"I think that this is a problem throughout the entire country," Mr. Schmoke said. "Governments are downsizing. But to this point, I don't think what we're going through has had a disproportionate impact on the black community."

In Baltimore, blacks hold a majority of the 10,000 jobs in the schools and about 57 percent of the 16,000 non-school jobs, according to city Equal Employment Opportunity records.

"Government has always been in the forefront of equal opportunity employment," said Hilda E. Ford, the state's secretary of personnel and formerly personnel director in the city. "Both our female work force and minority work force exceed the relevant available work force in the state."

Minorities fill 35 percent of the jobs in the state's 55,000-person civil service work force, Ms. Ford said. And just as the number of city employees is being reduced, the state work force has shrunk by 5,000 employees since 1990, Ms. Ford said.

"When you have cutbacks in the government, they will disproportionately impact black workers," said Robert B. Hill, director of the Institute for Urban Research at Morgan State University.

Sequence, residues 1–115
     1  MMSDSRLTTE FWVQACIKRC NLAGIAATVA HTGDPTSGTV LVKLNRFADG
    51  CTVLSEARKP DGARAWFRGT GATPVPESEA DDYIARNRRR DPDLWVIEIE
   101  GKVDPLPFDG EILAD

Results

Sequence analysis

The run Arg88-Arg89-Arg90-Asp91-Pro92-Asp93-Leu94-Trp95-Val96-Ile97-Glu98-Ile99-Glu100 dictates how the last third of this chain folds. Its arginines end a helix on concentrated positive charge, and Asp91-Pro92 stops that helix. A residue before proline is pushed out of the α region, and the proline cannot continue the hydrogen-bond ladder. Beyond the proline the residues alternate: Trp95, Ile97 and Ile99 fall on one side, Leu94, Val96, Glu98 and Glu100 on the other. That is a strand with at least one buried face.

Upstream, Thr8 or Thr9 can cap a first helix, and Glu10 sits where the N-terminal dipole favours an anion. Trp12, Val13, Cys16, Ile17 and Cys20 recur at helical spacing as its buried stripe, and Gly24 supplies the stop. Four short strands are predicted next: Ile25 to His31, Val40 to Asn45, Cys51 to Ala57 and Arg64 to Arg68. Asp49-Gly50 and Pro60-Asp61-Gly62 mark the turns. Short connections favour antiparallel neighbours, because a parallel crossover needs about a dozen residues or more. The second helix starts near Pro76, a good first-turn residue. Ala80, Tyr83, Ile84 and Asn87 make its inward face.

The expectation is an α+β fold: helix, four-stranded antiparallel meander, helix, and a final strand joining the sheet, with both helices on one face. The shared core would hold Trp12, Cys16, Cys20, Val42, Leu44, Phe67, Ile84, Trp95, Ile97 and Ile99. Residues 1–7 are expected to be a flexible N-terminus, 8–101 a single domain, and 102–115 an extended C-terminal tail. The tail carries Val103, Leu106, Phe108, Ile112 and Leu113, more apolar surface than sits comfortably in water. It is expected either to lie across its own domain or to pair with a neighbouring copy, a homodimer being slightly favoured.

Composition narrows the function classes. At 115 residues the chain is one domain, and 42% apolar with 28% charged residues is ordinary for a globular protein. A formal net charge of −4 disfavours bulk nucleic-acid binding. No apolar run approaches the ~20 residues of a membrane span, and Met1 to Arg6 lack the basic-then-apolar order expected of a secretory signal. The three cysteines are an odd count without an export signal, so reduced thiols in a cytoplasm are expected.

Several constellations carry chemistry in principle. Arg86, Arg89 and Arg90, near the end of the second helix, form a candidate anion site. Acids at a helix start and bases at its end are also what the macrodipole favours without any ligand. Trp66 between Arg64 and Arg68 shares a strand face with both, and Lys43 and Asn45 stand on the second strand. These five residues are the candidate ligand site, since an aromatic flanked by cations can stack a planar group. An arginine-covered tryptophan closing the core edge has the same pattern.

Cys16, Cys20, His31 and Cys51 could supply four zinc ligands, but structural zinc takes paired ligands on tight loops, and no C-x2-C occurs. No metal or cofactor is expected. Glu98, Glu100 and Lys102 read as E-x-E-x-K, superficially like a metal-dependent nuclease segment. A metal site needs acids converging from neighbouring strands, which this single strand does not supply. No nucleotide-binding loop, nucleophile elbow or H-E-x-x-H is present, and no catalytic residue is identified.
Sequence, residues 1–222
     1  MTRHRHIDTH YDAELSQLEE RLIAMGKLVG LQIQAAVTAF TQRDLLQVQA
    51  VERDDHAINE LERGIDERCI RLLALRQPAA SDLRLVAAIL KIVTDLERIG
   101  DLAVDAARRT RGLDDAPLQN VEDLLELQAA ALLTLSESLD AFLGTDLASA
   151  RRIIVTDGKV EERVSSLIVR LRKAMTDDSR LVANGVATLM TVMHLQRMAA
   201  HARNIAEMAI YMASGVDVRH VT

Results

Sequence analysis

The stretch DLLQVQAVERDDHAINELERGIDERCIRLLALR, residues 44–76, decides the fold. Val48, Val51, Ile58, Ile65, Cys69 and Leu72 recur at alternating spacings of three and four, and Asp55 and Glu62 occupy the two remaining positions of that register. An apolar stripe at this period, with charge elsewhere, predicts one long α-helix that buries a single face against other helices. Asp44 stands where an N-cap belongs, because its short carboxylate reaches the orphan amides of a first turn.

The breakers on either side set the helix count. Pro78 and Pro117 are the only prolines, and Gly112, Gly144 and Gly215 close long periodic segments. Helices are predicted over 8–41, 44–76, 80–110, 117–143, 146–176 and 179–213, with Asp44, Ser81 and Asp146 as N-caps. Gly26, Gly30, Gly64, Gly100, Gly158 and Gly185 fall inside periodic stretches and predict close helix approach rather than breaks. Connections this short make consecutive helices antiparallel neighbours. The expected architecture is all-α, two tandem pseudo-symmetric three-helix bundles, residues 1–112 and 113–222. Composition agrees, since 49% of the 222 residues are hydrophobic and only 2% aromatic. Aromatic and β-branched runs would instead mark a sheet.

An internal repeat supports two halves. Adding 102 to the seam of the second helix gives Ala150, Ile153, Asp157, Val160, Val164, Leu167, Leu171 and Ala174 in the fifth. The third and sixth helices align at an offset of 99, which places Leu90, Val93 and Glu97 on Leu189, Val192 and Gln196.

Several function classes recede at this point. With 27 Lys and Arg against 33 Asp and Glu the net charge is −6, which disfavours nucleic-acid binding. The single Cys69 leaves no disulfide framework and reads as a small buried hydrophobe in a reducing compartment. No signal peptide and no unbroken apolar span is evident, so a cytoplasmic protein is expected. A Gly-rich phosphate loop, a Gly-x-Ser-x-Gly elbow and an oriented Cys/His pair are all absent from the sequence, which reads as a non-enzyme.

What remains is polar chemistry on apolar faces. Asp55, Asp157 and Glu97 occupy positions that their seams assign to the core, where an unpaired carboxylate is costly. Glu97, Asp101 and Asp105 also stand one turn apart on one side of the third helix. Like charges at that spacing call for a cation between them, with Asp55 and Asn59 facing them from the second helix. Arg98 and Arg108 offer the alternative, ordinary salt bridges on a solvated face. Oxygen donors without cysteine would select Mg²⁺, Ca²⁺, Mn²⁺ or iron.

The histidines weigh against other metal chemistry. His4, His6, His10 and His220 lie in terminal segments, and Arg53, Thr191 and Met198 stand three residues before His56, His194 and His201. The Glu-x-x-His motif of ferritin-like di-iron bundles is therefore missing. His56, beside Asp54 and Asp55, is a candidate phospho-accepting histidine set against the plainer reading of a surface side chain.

"There are several reasons for that," he continued. "One is that blacks are attracted to government jobs because of the supposedly longer-term security they provide. Another is that there is just less discrimination there vis-a-vis private industry."

Increasing the impact of government job reductions on blacks in Baltimore is the fact that they are largely excluded from professional and managerial jobs in the private sector, according to a study released last fall by the Investing in Baltimore Com

mittee, a group of black business leaders.

The report ranked Baltimore near the bottom among five cities, including Richmond, Va., St. Louis, Atlanta and Philadelphia, in hiring and promoting black managers. Only Richmond was worse, the report said.